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Is Your Website ADA Compliant (and Does it Matter?) – Craig Kazda
The Agents of Change

Is Your Website ADA Compliant (and Does it Matter?) – Craig Kazda

When you hear the term “ADA compliant”, you might immediately think of buildings and how they’re supposed to be handicapped accessible for people in wheelchairs. But you need to think broader in this digital age. There’s more for consumers than just visiting brick and mortar shops. These days, a great deal of shopping and research is done online. So Craig Kazda would ask you, “Is your website ADA compliant?”

What are you doing to ensure that people with visual, auditory, or intellectual disabilities can access and understand the same information as everyone else who visits your site? If you haven’t started to consider this and make adjustments to your website, you’re not only losing customers and pushing away business, but you may find you’re being penalized in the Google search rankings, or even worse, being sued.



Rich: My guest today is the Vice President of Quantum Dynamix, a holistic and digital marketing agency located in Lancaster, Pennsylvania. Since it’s origination in 2008, Quantum Dynamix has used a scientific approach to marketing to develop digital strategies that integrate with multiple platforms to produce a measurable ROI for their clients.

In his role as Vice President, our guest facilitates the execution of each project from start to finish, helping clients convey their marketing vision. Focusing specifically in the financial, banking, and credit union verticals, he brings years of experience to help clients better connect with prospective and existing customers. This includes a comprehensive understanding of how to ensure that their marketing is compliant with stringent industry and federal guidelines, including ADA/WCAG standards.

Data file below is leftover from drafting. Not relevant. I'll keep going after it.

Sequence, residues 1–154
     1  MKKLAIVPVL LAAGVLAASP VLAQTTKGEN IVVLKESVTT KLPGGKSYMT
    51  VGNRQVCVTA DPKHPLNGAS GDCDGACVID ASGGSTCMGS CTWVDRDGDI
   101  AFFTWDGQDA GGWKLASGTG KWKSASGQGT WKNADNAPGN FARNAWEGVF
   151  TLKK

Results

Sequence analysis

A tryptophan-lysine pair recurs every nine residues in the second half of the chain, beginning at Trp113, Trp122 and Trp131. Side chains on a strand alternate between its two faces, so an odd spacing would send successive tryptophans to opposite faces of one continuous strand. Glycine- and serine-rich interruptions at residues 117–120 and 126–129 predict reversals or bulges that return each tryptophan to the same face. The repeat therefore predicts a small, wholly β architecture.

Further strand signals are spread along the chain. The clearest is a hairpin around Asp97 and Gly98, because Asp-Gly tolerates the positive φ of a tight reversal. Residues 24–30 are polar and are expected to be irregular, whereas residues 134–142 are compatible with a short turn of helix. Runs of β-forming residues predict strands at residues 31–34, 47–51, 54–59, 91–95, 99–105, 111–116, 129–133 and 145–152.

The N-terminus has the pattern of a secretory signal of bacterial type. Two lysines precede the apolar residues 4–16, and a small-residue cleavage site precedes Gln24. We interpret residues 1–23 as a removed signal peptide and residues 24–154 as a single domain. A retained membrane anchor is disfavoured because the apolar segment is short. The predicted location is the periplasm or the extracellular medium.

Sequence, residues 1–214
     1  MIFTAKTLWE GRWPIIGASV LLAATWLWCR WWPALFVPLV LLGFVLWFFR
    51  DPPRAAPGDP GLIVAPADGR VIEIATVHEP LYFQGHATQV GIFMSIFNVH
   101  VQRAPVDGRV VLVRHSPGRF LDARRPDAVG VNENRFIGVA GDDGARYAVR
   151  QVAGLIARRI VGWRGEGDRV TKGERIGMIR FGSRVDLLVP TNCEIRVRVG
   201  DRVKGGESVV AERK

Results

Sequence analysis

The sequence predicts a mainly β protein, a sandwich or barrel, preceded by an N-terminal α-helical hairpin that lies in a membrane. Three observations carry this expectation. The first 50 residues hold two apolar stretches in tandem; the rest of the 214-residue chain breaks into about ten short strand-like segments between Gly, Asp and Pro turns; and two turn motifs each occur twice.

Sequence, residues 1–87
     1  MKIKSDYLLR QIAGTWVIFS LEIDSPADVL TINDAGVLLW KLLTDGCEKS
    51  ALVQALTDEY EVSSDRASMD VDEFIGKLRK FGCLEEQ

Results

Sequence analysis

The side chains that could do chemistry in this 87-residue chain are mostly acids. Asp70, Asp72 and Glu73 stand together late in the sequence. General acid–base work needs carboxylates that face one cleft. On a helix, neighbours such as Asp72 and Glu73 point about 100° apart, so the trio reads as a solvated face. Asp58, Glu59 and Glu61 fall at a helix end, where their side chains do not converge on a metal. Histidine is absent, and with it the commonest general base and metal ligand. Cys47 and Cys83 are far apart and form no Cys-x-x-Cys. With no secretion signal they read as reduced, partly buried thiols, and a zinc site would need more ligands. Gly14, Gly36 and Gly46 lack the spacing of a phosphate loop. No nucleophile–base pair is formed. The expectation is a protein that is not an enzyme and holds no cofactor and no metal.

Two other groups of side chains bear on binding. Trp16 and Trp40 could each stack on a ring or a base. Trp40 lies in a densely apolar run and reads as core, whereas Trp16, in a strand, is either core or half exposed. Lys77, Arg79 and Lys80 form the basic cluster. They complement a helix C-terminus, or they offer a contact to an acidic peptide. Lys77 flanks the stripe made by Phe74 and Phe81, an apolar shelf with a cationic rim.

Ok, here’s where things get interesting. Outside of Quantum Dynamix he serves as President for the Keystone Indoor Drill Association (KIDA), a comprehensive marching arts organization that provides competitive opportunities for over 100 indoor color guards and percussion ensembles in the Mid-Atlantic region, impacting the lives of nearly 2,000 student performers each year. I am very excited to dive into things with Craig Kazda. Craig, welcome to the show.

Craig: Why thank you for having me, I really do appreciate you having me on and carving out a little time for me.